This is all good, because leafing, as I am, through Marie-Louise von Franz’s excellent Alchemy, I come across the following:
“One must remember the Ouroboros, the tail eater, where the opposites are one: the head is at one end and the tail at the other. They are one but have an opposite aspect and when the head and the tail, the opposites, meet, a flow is born, which is what the alchemists meant by the mystical or divine water, which is described as the meaningful flux of life.”
So, both the ouroboros and the labyrinth have served as representations of energy, of flow, and of the questing human soul, or at the very least as symbols of regeneration. They are linked in profound and deeply sympathetic ways.
And then, as if to confirm the last happy thought, I come across this fabulous video, titled Ouroboros. It seems a good place to leave these thoughts hanging.
When you start doing something new, it makes sense to question why you are doing it. I started this blog two and a half weeks ago, a decision made on the spur of the moment, because I had hit a roadblock in a novel I am writing and wanted to create a diversion, or some form of prevarication or distraction – to see if any new ideas else came along, as they usually do. And to keep myself writing, rather than sink into the familiar mire of the pointlessness of everything that even a minor incident of self-doubt is likely to incite.
As if by magical coincidence, today’s news about Google+ insisting on its account holders using their real names coincides with a line of thought I was pursuing even as the news broke.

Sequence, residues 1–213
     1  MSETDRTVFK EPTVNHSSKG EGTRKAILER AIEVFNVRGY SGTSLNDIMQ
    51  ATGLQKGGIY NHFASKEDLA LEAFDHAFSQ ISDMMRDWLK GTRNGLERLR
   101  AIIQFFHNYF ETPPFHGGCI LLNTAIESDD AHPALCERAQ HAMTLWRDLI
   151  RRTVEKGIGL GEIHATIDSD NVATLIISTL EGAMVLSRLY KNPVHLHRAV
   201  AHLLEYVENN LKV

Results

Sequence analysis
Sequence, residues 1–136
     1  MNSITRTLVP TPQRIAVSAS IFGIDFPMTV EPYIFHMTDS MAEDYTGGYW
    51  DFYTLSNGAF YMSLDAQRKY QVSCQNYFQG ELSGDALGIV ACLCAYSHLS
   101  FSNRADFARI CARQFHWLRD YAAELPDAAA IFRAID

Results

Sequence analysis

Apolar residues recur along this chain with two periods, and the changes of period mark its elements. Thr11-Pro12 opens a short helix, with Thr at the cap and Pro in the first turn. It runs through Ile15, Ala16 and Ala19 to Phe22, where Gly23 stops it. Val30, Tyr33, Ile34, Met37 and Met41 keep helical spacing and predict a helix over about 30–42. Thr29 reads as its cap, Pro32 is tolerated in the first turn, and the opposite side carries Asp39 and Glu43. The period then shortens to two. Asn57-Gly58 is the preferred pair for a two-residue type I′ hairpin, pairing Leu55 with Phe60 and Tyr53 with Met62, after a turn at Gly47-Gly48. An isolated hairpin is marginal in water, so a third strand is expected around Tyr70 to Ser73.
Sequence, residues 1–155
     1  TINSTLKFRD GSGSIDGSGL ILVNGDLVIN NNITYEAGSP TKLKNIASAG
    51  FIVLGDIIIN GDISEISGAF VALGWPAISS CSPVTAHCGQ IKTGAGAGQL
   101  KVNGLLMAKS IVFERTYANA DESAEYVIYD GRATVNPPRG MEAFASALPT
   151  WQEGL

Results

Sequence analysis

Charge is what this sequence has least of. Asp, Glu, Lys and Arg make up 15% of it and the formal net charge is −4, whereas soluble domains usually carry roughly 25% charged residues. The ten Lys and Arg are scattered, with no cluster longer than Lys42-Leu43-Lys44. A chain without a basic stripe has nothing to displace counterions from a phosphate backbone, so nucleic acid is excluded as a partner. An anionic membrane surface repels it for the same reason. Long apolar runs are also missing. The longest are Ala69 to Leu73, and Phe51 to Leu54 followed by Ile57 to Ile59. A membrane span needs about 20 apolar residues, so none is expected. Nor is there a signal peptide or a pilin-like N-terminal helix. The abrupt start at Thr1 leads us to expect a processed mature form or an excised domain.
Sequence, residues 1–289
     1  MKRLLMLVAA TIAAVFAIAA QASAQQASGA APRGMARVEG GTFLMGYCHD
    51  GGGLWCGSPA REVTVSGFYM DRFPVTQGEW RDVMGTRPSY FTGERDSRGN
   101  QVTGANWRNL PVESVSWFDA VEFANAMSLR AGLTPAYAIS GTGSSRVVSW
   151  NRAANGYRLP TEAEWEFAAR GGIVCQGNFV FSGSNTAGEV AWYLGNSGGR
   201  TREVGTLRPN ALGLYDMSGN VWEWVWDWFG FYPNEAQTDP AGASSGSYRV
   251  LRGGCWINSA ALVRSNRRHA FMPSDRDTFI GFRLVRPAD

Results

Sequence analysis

Thinking about blogging, specifically, and reflecting in more general terms on what we do and why we do it, I was leafing through old diaries, a useful resource for the blogger, and I found notes that I must have scribbled on a long plane trip three years ago. I was reading an article by Michael Greenberg, discussing his friend Lee Siegel, who writes about the Internet (there is another concern here, on the dangers of writing reviews of one’s friends’ books, which I will return to in another post). I discovered that Siegel has made the study of the internet his principal concern, and (as I later found out) for good reason. What he writes is largely dire and depressing: “You’re alone but you’re not alone, projecting yourself onto this screen with all these invisible people there, who, like you, aren’t who they say they are. When you change your identity, your language becomes corrupted. It becomes easier to tell lies. You think you’re chatting with someone, but who is it? As often as not you’re consorting with your own demons.” And there’s more: “it’s a triumph of capitalism . . . people learn to package themselves. They perform their privacy. We want to believe we’re expressing our individuality, but to stand out in cyberspace, to become viral” (he means popular, I guess) “you must be able to sound more like everyone else than anyone else.” Siegel’s book is called Against the machine: being human in the age of the Electronic Mob. The book appears to be out of print already.